Ivo van Emmerik - Database © 2017
This composition consists of six movements, each named after a color from the spectrum. These titles are less descriptive than metaphorical. The first and longest movement, Rouge, contains references to earlier work of mine, the movement in its turn acting as a source of material for the subsequent movements. In this way, a large number of musical cross references emerges, serving to show—perhaps without being heard instantly—somewhat ironically the relationship between music and reality.
Rouge is not only the longest movement, it also has the largest instrumentation and the most complex structure of the cycle. To a certain extent this structure resembles that of Raymond Roussel’s Documents pour servir de canevas (Documents to serve as canvas—after which text, my composition obviously was named). Like Roussel’s text, which consists of frame stories and incidentally also has six parts, the score does not follow a chronological path but divides into four levels, four frame stories, so to speak. Beyond that, each instrumental part has its own structure of repeats and durations, as a consequence of which each player jumps from one level to the next at a different point in time. The musicians follow their own path through a labyrinth of repeats and references. Since each instrument operates independently, it is impossible to verify whether the parts synchronize or not. The audible result can only being spoken of in approximative terms.
The score of Orange knows repeats, too, but here they are the same for all instruments, according to the tendency of the cycle towards simplification. Each page (at the same time being a system) is repeated in a similar fashion: at the level of a system as a whole and at the level of a segment therein. The hypnotic effect of this spiral-like form is intensified by the continuous reiteration of the pitch g’ and its microtonal alterations, alternating with dense chords or extremely high and low registers.
The third movement of the cycle, devoted to the brightest color of the spectrum, has several ‘light’ characteristics: only three instruments and only upper ranges are used. Moreover, the voice exchange between oboe and violin often gives their melodies a transparant character. The number of repeats gradually diminishes as the fragments to be repeated increase in time. As a result, the repetitive structure at the end of the movement has disappeared altogether.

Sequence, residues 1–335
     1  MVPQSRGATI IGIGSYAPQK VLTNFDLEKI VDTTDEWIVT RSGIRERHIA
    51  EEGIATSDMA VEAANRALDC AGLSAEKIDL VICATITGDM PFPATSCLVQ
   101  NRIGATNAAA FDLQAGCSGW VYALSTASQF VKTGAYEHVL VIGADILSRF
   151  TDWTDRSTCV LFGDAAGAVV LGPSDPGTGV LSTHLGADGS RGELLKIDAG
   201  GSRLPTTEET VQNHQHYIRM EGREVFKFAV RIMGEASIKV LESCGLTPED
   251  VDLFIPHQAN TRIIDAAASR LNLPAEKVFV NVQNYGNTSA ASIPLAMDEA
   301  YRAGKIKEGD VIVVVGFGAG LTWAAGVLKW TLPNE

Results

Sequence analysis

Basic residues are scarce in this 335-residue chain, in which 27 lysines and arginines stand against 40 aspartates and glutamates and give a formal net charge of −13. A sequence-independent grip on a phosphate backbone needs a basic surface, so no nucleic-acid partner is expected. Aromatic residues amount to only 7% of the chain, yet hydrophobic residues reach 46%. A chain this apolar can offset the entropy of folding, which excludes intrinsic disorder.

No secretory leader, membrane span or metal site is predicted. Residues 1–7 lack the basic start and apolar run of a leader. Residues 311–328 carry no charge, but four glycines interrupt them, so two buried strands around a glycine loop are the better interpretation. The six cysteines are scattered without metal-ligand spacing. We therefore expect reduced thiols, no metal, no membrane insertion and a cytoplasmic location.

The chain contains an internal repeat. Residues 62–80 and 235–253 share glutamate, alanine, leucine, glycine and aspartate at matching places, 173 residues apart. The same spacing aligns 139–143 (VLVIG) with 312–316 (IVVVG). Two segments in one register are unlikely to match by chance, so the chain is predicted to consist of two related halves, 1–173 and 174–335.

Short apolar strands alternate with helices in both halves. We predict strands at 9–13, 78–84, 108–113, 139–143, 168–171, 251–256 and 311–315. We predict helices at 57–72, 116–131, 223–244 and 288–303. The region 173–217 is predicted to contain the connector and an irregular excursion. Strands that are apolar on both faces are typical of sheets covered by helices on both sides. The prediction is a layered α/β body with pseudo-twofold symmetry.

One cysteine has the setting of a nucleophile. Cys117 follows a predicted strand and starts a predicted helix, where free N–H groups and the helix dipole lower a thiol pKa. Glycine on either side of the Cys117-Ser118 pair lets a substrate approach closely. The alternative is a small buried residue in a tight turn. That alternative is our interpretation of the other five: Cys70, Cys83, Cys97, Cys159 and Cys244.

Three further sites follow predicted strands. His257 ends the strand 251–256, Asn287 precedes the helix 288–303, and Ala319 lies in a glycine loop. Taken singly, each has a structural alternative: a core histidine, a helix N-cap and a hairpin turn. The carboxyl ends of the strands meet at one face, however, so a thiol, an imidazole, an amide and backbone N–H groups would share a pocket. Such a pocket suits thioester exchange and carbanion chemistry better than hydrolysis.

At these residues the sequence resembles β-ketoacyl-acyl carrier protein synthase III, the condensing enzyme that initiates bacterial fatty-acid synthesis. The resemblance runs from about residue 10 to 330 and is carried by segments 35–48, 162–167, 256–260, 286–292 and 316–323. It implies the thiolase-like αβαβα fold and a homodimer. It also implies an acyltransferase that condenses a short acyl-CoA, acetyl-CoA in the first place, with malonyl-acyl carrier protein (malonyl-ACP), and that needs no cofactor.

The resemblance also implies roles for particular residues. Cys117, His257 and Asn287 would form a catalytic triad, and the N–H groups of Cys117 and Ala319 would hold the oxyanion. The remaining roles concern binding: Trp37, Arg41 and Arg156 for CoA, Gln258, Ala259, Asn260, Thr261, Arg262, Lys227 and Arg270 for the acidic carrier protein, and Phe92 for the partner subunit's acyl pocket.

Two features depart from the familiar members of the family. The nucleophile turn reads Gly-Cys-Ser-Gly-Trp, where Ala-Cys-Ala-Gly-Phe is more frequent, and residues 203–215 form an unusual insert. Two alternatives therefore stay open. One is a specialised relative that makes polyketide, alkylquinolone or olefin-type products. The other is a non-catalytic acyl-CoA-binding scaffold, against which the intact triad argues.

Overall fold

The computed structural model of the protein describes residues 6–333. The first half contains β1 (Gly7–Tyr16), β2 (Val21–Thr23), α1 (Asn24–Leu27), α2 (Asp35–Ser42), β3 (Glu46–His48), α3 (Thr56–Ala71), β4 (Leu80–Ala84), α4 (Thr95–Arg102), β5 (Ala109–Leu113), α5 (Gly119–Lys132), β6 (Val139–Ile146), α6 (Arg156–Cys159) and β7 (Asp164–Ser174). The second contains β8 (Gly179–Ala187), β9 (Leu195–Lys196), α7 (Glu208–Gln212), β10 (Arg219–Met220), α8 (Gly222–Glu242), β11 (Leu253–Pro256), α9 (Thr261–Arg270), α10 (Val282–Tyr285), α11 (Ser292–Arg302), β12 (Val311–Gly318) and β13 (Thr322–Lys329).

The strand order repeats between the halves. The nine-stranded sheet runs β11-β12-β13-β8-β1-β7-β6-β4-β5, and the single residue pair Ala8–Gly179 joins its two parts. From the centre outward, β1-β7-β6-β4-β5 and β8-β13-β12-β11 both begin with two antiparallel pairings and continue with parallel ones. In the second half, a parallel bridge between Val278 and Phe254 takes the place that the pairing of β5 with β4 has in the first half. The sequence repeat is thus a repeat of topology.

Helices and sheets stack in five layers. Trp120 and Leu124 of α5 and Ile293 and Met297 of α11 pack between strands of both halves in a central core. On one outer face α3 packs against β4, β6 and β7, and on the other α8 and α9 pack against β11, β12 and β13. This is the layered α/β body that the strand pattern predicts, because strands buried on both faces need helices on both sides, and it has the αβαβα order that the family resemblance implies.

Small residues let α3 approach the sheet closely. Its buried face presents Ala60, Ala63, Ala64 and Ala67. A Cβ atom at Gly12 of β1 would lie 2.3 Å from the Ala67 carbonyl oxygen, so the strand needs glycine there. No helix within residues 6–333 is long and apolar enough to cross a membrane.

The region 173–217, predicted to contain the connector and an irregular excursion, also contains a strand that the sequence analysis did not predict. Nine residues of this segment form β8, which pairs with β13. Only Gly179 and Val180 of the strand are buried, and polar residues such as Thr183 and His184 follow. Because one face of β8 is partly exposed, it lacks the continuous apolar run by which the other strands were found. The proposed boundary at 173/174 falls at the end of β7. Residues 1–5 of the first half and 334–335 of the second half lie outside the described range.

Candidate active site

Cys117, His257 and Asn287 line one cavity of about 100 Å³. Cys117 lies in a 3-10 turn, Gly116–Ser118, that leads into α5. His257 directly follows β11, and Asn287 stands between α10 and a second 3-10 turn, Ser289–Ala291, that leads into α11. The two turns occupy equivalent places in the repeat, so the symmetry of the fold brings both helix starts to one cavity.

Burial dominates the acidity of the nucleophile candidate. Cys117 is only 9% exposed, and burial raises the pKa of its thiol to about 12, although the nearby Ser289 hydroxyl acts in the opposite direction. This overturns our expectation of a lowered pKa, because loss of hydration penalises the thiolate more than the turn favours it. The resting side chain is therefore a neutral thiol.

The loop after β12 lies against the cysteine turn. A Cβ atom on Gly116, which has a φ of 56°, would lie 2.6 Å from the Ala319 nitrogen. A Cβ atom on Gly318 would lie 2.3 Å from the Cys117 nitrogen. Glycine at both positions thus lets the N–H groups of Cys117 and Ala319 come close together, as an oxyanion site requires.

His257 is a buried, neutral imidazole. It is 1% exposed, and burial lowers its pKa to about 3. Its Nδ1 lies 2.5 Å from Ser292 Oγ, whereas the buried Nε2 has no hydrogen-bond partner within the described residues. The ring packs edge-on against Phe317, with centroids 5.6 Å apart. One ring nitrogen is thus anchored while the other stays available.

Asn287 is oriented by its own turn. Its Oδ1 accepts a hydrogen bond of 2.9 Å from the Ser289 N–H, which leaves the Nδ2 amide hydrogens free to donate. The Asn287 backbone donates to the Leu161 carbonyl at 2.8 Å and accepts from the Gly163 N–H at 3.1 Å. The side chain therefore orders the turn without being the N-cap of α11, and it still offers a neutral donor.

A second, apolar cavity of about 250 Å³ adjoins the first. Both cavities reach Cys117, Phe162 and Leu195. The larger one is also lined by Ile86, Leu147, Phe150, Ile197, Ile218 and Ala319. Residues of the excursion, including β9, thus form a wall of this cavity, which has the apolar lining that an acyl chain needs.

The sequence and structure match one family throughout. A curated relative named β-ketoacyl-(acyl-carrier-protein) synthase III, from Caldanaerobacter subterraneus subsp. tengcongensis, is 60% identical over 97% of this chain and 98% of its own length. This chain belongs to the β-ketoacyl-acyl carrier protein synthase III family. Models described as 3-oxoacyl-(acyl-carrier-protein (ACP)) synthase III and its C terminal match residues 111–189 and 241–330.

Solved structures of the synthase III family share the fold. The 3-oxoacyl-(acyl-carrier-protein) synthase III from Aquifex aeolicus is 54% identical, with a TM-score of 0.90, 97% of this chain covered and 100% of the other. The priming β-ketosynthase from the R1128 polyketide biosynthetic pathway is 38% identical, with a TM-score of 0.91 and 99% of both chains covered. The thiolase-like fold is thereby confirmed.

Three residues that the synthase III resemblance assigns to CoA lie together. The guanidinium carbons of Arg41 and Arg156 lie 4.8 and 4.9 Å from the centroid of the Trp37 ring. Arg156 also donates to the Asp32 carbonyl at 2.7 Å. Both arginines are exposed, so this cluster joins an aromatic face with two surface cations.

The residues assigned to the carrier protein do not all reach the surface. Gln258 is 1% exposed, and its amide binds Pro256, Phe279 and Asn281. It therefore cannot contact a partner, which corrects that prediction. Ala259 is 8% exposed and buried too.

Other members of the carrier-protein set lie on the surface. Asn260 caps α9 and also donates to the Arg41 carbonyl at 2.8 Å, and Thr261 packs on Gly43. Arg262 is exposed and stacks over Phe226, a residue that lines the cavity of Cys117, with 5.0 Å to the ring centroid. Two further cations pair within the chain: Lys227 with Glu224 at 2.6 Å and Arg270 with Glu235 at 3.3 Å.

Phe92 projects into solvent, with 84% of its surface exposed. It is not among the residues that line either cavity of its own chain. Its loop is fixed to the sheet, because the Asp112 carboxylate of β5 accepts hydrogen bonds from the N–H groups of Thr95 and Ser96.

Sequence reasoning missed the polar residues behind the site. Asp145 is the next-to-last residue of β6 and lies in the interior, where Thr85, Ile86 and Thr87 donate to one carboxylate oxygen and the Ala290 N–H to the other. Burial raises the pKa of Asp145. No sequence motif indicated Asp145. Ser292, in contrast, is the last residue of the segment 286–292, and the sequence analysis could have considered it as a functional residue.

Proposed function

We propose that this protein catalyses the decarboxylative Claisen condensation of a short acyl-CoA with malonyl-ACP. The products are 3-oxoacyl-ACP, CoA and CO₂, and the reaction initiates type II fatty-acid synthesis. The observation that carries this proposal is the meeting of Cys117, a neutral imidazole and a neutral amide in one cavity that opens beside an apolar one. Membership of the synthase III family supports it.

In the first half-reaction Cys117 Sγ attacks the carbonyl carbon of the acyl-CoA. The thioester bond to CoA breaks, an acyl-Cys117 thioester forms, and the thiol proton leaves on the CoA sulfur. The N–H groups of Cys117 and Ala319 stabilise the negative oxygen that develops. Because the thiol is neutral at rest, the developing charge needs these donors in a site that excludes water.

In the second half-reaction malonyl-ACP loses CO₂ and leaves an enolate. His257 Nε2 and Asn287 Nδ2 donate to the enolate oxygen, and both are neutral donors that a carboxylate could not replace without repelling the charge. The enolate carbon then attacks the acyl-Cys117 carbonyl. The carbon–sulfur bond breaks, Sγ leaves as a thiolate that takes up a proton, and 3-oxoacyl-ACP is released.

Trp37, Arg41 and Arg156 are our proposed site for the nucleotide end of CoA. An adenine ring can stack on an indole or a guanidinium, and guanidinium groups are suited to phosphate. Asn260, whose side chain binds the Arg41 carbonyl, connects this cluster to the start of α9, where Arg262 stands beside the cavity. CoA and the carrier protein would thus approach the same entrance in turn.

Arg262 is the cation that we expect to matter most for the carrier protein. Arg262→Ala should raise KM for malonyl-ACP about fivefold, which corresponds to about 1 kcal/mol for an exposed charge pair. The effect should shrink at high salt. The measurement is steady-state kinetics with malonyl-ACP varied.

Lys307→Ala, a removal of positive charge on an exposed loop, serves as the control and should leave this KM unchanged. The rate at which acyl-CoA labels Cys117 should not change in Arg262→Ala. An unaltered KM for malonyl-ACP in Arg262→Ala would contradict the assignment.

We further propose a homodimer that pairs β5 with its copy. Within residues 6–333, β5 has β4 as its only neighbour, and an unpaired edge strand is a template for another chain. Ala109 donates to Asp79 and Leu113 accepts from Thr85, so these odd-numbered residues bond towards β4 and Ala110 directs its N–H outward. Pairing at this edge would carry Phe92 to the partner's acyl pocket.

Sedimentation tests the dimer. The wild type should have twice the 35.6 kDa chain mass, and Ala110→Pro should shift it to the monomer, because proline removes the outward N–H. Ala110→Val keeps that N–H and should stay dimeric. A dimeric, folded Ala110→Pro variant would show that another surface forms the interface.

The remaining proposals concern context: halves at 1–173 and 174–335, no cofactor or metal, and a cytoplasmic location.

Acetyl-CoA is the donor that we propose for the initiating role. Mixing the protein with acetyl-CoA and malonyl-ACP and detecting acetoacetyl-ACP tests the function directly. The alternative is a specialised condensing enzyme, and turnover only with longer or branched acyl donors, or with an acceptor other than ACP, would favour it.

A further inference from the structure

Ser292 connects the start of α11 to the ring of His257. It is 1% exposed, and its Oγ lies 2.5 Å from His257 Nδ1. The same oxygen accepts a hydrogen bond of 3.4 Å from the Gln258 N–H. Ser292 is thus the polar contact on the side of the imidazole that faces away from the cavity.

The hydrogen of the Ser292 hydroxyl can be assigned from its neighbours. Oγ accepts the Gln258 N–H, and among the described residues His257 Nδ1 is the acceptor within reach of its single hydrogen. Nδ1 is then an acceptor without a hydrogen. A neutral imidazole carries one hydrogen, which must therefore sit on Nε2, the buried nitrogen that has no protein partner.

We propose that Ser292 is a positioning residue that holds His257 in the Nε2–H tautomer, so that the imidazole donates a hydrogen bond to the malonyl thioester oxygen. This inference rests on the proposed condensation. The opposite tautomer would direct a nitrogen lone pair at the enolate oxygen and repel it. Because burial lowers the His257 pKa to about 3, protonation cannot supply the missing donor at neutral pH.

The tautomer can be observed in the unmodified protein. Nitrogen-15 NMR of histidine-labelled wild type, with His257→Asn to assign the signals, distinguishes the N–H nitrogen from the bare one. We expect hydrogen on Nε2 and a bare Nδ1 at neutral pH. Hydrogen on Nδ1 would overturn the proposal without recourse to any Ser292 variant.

This movement is constructed as a system of simultaneous pulses, the tempos of which are different for each of the six participating instruments, each tempo remaining constant throughout the movement. The pulsation is not always audible: sometimes sounds are sustained, sometimes pulses are expressed by rests. The flute has the fastest ictus, as a result of which the impression arises of a solo with accompaniment. As far as timbre is concerned this is the most ‘saturated’ movement, in accordance with the color to which this movement is devoted. Repetitions occur at irregular moments in order to underline or to change certain sound combinations.
Bleu is the first movement of the cycle that is not carried by a framework of repetitions. That is why the musical material, the simplicity (diatonicism, fifths) of which symbolizes clarity, is able to float freely in the musical continuity. This was emphasized during the composition process by composing each of the six pages as an independent unit, only to put them in order afterwards.
The last movement of Documents pour servir de canevas is the shortest, yet it has the largest instrumentation but one. On a ‘canvas’ of piano and percussion sounds (derived from the first movement) harsh chords in the winds and strings stand out, leading to a new element, namely microtones. At the end of the spectrum, it seems, a window is opened to a new world.
[March 1992 / July 1999]
"Emmerik once again shows himself to be the Paul Klee under the Dutch composers. The colors are mostly transparent and brittle, but evolve over the course of the piece to earthy, darker timbres. In addition, the rhythm is becoming more and more pronounced in character.
(...) his sophisticated sound tissues that merge into one another are best appreciated in the rhythmic floating, ethereal first parts."
Het Parool, 25 February 1992
"I liked Orange best, with its sparse, gliding unison sounds of trombone, viola and bass clarinet, occasionally hunted by a sharp accent in the piccolo (...)"
NRC Handelsblad, 25 February 1992
scored for 9 instrumentalists:
3 cowbells; 1 player),
ca. 45 minutes
Donemus Amsterdam © 1999
First (integral) performance:
24 February 1992, De IJsbreker Amsterdam, by the Ives Ensemble